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Expert-verified Found in: Page 734 ### College Physics (Urone)

Book edition 1st Edition
Author(s) Paul Peter Urone
Pages 1272 pages
ISBN 9781938168000 # A charge of $$4.00{\rm{ }}C$$ charge passes through a pocket calculator’s solar cells in $$4.00{\rm{ }}h$$. What is the power output, given the calculator’s voltage output is $$3.00{\rm{ }}V$$? (See Figure $$20.40$$.) The power output of the calculator is obtained as: $$P{\rm{ }} = {\rm{ }}0.833{\rm{ }}mW$$.

See the step by step solution

## Step 1: Define Resistance

In an electrical circuit, resistance is a measure of the resistance to current flow. The Greek letter omega $${\rm{(\Omega )}}$$ is used to represent resistance in ohms.

## Step 2: Concepts and Principles

Electric current is the magnitude of the physical quantity of electric current $${\rm{I}}$$ in a wire which equals the magnitude of the electric charge $$q$$ that passes through a cross-section of the wire divided by the time interval $$\Delta t$$ needed for that charge to pass:

$$I{\rm{ }} = {\rm{ }}\frac{{|q|}}{{\Delta t}}$$……………..(I)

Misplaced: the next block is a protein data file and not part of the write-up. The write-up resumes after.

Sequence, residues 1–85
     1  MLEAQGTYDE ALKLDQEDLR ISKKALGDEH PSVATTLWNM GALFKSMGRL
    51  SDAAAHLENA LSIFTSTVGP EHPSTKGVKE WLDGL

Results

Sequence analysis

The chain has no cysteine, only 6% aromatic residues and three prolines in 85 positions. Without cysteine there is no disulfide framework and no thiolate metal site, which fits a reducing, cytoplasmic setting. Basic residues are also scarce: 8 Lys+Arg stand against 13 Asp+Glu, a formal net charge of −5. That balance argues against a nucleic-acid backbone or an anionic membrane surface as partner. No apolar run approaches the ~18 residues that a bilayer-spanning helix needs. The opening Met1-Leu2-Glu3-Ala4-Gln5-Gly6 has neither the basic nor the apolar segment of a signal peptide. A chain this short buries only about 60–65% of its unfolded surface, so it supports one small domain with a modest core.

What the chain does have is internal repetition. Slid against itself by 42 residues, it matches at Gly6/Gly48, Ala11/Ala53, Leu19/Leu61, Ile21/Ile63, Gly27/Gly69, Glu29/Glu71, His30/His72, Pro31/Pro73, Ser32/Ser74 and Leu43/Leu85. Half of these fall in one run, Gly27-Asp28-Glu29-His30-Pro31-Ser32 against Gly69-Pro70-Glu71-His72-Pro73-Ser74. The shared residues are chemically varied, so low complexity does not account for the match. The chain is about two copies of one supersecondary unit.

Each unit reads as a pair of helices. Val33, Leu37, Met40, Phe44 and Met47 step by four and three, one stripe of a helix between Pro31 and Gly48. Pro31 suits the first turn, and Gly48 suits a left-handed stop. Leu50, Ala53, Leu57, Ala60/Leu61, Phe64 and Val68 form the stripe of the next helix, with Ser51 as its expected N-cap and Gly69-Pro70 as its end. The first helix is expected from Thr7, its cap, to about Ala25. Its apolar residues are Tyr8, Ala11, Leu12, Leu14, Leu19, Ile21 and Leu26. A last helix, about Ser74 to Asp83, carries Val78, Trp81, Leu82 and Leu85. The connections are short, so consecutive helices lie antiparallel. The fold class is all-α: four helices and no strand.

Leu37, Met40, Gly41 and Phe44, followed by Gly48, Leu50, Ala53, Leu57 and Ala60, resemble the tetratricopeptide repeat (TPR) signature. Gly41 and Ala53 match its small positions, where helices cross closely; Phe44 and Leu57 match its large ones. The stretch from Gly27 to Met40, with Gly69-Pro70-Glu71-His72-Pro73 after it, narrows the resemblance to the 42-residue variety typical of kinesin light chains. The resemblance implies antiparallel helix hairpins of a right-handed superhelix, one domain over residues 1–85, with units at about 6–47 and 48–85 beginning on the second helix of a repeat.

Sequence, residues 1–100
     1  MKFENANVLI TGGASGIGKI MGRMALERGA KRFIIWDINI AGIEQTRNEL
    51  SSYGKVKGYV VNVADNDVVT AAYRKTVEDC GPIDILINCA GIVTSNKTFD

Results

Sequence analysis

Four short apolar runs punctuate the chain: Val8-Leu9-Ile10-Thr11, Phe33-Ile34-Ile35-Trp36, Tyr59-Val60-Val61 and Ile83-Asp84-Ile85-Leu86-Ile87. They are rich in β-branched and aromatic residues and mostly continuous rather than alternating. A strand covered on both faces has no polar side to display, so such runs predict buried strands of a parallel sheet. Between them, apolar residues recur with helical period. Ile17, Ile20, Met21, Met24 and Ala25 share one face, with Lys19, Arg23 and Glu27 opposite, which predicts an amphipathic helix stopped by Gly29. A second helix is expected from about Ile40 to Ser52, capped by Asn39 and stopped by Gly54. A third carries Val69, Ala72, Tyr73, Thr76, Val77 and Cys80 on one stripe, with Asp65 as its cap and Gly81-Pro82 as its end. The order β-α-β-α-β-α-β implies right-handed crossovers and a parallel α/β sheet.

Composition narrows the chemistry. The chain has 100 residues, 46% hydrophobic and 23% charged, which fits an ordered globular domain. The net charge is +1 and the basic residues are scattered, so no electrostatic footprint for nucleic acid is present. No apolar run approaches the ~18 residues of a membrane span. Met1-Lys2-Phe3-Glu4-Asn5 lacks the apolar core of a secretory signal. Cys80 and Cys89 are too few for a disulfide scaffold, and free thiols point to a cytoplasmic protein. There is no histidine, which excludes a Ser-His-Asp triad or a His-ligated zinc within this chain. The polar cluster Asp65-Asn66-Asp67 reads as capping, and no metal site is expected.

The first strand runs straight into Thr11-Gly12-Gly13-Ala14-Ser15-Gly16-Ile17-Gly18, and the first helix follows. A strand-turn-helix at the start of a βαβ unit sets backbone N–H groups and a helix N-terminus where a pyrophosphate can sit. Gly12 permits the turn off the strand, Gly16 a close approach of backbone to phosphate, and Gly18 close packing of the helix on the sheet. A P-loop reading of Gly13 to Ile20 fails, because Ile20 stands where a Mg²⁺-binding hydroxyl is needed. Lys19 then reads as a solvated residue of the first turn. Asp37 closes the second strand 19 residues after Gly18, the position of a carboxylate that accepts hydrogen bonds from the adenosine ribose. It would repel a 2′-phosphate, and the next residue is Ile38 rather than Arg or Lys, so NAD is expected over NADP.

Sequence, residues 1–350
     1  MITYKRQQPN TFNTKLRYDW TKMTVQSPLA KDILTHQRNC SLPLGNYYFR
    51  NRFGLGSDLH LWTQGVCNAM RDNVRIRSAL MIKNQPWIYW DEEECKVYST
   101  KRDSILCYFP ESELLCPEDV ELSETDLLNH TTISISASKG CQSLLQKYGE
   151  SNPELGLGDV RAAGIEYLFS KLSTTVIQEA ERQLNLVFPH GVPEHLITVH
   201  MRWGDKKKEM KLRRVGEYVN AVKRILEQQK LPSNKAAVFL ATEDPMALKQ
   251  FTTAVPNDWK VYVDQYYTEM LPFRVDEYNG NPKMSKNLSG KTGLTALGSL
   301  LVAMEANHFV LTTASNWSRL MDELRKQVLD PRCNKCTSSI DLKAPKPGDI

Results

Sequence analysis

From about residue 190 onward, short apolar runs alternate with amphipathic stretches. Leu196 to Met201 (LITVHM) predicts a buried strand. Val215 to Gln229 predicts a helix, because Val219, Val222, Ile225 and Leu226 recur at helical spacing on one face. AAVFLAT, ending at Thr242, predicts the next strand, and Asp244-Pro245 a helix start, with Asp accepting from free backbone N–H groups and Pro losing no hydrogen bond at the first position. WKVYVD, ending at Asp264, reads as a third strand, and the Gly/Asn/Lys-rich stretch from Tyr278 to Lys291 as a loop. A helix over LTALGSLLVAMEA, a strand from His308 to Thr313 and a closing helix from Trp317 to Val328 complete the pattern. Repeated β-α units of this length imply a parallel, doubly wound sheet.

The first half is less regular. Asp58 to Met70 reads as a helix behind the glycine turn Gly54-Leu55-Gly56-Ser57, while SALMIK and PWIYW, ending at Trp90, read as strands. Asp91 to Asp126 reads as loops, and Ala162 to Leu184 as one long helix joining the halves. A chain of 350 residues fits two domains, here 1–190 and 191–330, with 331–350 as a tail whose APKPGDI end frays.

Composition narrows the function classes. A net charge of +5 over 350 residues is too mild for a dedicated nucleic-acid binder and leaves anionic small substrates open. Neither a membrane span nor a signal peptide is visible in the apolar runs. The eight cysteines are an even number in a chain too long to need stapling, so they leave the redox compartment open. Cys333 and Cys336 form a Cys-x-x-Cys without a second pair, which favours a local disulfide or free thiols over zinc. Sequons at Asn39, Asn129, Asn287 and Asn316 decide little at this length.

The unit of current is the ampere $$A$$, which is equivalent to one coulomb per second $$(C/s)$$. A current of $$1A$$ (one ampere, or amp) means that $$1{\rm{ }}C$$ of charge passes through a cross-section of the wire every second. The direction of the current is from higher to lower potential. So, it is in the direction that positive charges that would move.

If a potential difference $$\Delta V$$ is maintained across a circuit element, the power, or the rate at which energy is supplied to the element, is:$$P{\rm{ }} = {\rm{ }}I\Delta V$$………….(II)

## Step 3: The given data and the required data

• Charge passing through the calculator is: $$q{\rm{ }} = {\rm{ }}4.00{\rm{ }}C$$.
• The time interval needed for that charge to pass is:\begin{aligned}{}\Delta t{\rm{ }} &= {\rm{ }}(4.00{\rm{ }}h)(\frac{{3600{\rm{ }}s}}{{1{\rm{ }}h}})\\ &= {\rm{}}14400{\rm{}}s\end{aligned}
• The voltage output of the calculator is: $$\Delta V{\rm{ }} = {\rm{ }}3.00{\rm{ }}V$$.

## Step 4: Evaluating the power output of the calculator

Current in the calculator is found by using Ohm's law with the help of the first equation as:

$$I{\rm{ }} = {\rm{ }}\frac{q}{{\Delta t}}$$

Entering values and we obtain:

\begin{aligned}{}I{\rm{ }} &= {\rm{ }}\frac{{4.00{\rm{ }}C}}{{14400{\rm{ }}s}}\\ &= {\rm{ }}\frac{1}{{3600}}A\end{aligned}

The power output of the calculator is found with the help of the second equation as:

$$P{\rm{ }} = {\rm{ }}I\Delta V$$

Substitute numerical values, and we get:

\begin{aligned}{}P{\rm{ }} &= {\rm{ }}(\frac{1}{{3600}}A)(3.00{\rm{ }}V)\\ &= {\rm{ }}8.33{\rm{ }} \times {\rm{ }}{10^{ - 4}}{\rm{ }}W\\ &= {\rm{ }}(8.33{\rm{ }} \times {\rm{ }}{10^{ - 4}}{\rm{ }}W)(\frac{{1000{\rm{ }}mW}}{{1{\rm{ }}W}})\\ &= {\rm{ }}0.833{\rm{ }}mW\end{aligned}

Therefore, the power output is: $$P{\rm{ }} = {\rm{ }}0.833{\rm{ }}mW$$. ### Want to see more solutions like these?